Knowledge is considered as power. The Internet has become a repository for knowledge. What happens when that information is considered harmful (e.g. how to make bombs, how to hack, etc.)? Society would wish that this information is not made available via the Internet, but the spread of information cannot be stopped -- Stagg & Warren

Scenario 1: Deadly Information

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Several students have discovered a web site that promotes anorexia as a lifestyle choice rather than an eating disorder. It includes tips for weight loss, pictures that glamorize the anorexic look, a discussion board members use to support one another, and other material that promotes “anorexic pride.” School counselors have asked that this site and others like it be blocked on the school network. They point out that anorexia is a deadly disease and that some students are particularly susceptible to this type of misinformation.


1. What is wrong with this scenario?

2. Is it right for people to share information online like the one here without government approval?

3. What should the school counselor do to avoid this in the future?

Scenario 2: Alteration of Grade

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A student received a low grade on an exam problem because he didn’t know how to solve it during the test. Afterward, he asks a friend who got a high score if he could borrow her test in order to see what he did wrong. He whites out the friend’s name on the problem in question, writes his name on the page, replaces the page in his test with his friend’s, and submits the exam to the teaching assistant to be regarded, since it appears that they missed that problem when adding up his score.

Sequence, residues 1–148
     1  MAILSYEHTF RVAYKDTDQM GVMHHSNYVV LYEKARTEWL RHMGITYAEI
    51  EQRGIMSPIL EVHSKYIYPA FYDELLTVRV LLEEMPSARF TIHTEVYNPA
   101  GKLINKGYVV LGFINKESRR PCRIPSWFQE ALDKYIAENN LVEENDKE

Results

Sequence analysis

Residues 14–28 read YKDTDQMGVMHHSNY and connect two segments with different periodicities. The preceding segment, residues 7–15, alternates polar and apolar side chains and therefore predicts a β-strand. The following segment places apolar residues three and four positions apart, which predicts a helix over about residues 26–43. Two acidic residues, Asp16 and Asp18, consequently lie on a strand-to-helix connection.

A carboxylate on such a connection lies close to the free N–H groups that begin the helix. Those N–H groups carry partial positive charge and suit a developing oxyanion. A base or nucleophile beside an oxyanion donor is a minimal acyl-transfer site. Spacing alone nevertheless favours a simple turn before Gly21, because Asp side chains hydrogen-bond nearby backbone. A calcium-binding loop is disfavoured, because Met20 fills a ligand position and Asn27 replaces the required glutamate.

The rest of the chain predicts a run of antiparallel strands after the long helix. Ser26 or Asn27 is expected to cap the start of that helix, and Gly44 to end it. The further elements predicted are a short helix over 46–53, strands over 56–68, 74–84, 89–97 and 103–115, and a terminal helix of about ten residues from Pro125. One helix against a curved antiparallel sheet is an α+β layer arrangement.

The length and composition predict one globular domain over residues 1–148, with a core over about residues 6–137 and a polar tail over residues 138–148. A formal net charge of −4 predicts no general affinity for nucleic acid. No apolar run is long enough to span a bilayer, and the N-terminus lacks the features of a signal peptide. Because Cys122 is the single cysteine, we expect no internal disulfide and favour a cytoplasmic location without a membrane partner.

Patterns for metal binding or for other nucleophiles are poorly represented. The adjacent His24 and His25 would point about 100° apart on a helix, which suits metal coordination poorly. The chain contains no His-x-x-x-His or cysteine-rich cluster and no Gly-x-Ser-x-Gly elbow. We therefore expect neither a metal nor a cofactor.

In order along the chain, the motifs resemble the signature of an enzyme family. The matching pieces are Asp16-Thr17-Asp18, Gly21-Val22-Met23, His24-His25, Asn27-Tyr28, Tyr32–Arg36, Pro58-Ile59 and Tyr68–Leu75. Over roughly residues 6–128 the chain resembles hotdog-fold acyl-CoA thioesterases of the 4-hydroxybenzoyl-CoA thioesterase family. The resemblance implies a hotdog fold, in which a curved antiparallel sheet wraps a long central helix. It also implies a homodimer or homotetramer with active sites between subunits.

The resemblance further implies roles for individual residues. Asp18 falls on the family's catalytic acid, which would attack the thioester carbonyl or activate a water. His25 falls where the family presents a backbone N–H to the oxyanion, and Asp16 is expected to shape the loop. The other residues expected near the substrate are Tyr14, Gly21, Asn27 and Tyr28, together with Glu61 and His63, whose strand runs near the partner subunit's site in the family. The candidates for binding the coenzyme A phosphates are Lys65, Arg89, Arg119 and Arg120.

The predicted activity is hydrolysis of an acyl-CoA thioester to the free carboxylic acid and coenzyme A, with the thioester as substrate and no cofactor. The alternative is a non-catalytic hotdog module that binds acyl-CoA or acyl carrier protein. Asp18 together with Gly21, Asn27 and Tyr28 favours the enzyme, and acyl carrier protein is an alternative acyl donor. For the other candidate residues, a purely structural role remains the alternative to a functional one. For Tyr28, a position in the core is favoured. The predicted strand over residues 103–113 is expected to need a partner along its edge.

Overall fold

1. What is the problem here?

2. What would you do if you find yourself in this situation?

3. Who is fooling who here?

Scenario 3: Unauthorized Collaboration

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An independent homework assignment involves solving a tricky design problem and everyone in the class is stumped. The syllabus states that students are not allowed to work together on homework assignments. Two students discuss a possible approach on the way to the student center. Then they each complete the implementation independently that evening.

1. Are the students wrong here?

2. If so, why and why not?

3. Is there anything wrong with collaboration?


Scenario 4: Plagiarism

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A student is ill during an exam and must take a makeup. His class study partner gives him the solutions.


1. What is the problem here?

2. Is the study partner helping the friend?

3. What should the study partner do?

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